Have you ever attempted to speak a different language when you’re abroad, assumed you’re doing a great job, but then realised the person you’re talking to has no idea what you’re trying to say? Things can get lost in translation no matter how hard we try. We’ve all been there! We’ve been investigating what gets lost in translation when you convert PowerPoint to Google Slides.
If you’re a Google Drive user, you’ve probably noticed that when you open a PowerPoint file from your Drive, Google Slides is the first recommended program. While both platforms broadly serve the same purpose, there are lots of differences between the two and we’ve noticed certain things get lost when a presentation created in PowerPoint is opened in Google Slides. But how do you know what to look out for?
Put down your translation books! One of our most experienced Google Slides experts and one of our most wonderful PowerPoint wizards are here to pin down the compatibility issues you might experience when you convert PowerPoint to Google Slides, or vice versa. This post brings their findings together, so you’ll know exactly what to look out for.
Fonts & type
One of the most notable compatibility issues between PowerPoint and Google Slides is fonts. Both programs offer an extensive font library, giving you a wide variety of styles at your fingertips. However, in PowerPoint, in addition to the default system fonts, users have the ability to install and use custom fonts, providing improved flexibility for your design and your brand.
Google Slides only support fonts that are available in the Google library. Any fonts you’ve used in a presentation that are not available in the Google library will automatically be changed to Arial when you convert a PowerPoint file to Google Slides. This can cause design and formatting issues with sizing and spacing as different fonts have different dimensions. It can visibly change the look of your design.
If you open your PowerPoint file in Google Slides but do not amend or select anything (and so don’t prompt the autosave), when you reopen the file in PowerPoint, the original fonts will be preserved. However, if you tweak any content on the slide, amend any text, or prompt Google Slides to save in any way, the fonts that are not supported in the Google library will change to Arial permanently. They will not change back if you open the file in PowerPoint later. This issue unfortunately still occurs even when the fonts are embedded into the PowerPoint document.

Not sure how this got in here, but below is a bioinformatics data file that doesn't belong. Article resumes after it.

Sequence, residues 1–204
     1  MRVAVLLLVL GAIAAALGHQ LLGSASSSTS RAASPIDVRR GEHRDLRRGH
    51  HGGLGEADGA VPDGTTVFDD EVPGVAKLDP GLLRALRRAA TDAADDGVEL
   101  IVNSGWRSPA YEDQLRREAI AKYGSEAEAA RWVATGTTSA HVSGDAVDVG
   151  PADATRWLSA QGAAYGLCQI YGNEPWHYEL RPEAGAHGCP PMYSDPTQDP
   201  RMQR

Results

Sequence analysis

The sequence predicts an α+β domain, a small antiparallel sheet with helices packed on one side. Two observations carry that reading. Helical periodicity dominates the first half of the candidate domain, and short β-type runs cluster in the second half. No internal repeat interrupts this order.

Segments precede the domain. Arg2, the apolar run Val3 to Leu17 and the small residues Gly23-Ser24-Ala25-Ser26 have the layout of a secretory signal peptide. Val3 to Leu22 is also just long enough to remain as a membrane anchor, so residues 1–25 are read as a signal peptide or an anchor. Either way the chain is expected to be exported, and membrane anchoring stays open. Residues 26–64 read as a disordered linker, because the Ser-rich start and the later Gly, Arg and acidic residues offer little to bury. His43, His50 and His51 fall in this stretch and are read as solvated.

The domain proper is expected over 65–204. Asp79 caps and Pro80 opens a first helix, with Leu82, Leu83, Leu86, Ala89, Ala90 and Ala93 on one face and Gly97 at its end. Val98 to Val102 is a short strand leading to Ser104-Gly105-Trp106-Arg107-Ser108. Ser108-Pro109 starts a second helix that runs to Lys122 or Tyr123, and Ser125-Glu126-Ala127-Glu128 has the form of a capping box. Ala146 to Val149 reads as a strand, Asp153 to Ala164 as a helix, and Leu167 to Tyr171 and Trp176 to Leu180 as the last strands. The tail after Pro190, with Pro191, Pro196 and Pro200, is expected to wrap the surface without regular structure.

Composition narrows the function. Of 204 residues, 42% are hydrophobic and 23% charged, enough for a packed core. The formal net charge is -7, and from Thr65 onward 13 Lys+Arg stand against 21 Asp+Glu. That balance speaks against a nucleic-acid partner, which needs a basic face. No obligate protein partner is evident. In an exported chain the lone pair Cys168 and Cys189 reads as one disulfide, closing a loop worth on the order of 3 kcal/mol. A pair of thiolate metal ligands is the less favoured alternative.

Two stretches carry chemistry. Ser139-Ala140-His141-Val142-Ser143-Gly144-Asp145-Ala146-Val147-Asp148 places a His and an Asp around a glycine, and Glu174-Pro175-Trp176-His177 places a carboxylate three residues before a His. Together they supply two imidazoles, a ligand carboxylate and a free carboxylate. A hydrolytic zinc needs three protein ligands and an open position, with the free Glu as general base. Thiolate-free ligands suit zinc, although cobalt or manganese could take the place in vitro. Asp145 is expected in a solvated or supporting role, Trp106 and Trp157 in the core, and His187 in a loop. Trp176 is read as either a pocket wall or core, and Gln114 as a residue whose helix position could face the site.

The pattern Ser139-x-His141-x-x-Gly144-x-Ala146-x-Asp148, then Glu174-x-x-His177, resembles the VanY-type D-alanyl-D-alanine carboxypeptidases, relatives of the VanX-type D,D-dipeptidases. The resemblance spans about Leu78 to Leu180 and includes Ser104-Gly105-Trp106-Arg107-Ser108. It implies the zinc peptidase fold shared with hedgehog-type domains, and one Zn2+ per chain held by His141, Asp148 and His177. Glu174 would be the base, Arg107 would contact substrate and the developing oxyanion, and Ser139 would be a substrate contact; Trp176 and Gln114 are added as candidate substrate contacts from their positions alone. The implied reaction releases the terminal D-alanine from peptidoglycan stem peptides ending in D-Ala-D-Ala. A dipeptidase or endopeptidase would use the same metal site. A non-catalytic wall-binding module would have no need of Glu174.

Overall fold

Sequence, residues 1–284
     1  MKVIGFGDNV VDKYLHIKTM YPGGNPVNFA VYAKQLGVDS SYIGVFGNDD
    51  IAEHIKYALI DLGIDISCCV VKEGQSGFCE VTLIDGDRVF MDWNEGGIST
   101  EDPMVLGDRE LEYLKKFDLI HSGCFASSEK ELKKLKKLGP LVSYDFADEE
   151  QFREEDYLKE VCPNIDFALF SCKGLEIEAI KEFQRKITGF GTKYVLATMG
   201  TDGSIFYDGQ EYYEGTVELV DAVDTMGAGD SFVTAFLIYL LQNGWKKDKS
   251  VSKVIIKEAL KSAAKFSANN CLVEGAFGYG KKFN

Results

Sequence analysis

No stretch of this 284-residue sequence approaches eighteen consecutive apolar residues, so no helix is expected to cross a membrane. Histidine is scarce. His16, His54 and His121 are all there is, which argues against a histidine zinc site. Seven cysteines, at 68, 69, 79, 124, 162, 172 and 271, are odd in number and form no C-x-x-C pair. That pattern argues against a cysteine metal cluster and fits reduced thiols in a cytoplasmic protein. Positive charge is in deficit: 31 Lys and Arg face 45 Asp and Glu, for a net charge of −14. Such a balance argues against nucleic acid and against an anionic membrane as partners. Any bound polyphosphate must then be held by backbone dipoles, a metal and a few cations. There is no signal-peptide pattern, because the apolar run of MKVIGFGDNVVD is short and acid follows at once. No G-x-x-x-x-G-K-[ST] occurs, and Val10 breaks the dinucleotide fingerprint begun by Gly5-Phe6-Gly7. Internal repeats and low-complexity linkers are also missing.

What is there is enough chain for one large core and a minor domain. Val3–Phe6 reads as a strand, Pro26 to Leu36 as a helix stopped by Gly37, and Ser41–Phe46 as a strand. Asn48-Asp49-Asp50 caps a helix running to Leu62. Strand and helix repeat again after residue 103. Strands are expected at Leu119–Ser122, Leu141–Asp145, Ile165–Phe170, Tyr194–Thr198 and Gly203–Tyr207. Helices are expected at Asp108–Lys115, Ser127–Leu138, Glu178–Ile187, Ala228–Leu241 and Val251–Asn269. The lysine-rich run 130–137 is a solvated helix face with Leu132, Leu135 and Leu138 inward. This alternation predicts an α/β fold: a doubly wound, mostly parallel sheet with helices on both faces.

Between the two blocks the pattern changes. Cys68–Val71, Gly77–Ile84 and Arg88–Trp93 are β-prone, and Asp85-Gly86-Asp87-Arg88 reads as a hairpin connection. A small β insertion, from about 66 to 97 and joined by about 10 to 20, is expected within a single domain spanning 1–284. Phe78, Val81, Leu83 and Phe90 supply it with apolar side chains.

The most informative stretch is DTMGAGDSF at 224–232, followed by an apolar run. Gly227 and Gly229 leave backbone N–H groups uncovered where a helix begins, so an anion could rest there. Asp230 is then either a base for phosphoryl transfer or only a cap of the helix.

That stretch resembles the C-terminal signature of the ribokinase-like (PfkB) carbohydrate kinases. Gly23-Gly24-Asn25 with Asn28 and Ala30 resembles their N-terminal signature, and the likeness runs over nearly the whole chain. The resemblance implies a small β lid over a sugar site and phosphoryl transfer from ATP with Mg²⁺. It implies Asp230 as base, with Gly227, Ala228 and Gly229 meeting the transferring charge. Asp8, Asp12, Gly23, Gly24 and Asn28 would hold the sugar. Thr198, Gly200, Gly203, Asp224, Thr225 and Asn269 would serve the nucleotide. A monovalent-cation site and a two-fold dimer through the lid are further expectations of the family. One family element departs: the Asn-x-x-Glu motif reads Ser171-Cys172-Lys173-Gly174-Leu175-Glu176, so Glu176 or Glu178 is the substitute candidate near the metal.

Two other type-related compatibility issues we’ve noticed are with text transparencies and WordArt. Transparency of text does not seem to be preserved from PowerPoint to Google Slides,
as it is not natively supported in Google Slides as a functionality for text. WordArt is also not supported as a design style in Google Slides, and any you have used will appear as generic text.
So, just be aware: text might be converted into something different and alter your overall design!
Both applications give you the option to add animations to your content. This is integral to communicating information to your audience in an engaging way, and allows the presenter to deliver controlled, dynamic storytelling that enhances their presentation. Read this post on how to make your slides easier to present for tips. However, there are differences between the two platforms.
Google Slides can time animations With previous, After previous and On click, however, the timing options end there. The option to delay animations, available in PowerPoint, is not supported by Google Slides. So, if you convert PowerPoint to Google Slides, any more advanced delays or timing will be removed from the file, altering the way your animations work.
Another difference between timings is that in Google Slides durations can be measured down to one decimal place, and in PowerPoint down to two decimal places. This means Google Slides will round up any timing from a PowerPoint deck, causing slight animation inconsistencies. This may sound minor, but in a complex animation it can cause a noticeable difference.
Preset animations in both platforms are handy – they can make animating simple content quick and easy, however, again, there are differences between the two programs. PowerPoint’s preset library is quite vast, and Google Slides’ library is somewhat restricted. So, if an animation is used in PowerPoint that is not available in Google Slides’ preset library, opening the file in Google Slides will mean the animation is removed from the deck. This can cause animation sequences to break. Motion paths are included in this, so any motion path created in PowerPoint will not be supported in Google Slides, and will therefore be removed when opening a PowerPoint file on that platform.
If Google Slides removes any PowerPoint animations from your deck, it can have a knock-on effect to presenter animation clicks. If, for instance, a motion path is created to play on a click in-between other animations and that motion path is deleted, that click will no longer exist, and the remaining animations will play through without the intended break.
Transitions are another aspect that are not fully supported in a PowerPoint to Google Slides conversion. Google Slides supports very basic slide transitions with a timing between 0 and 5 seconds down to 1 decimal place, whereas PowerPoint’s preset library of transitions is much greater, and offers the ability to customise timing down to 2 decimal places. If you’ve used any “fancy” transitions – PowerPoint’s Morph, for example – when you open the presentation using Google Slides, this transition will no longer work.
Both platforms have the ability to make your content come alive using animations, however, as PowerPoint’s preset library is larger, aspects can break in the crossover to Google Slides – seriously compromising your dynamic storytelling. No presenter wants to introduce a slide with broken animation and wayward clicks, so be aware of these differences before you put your slides in front of an audience.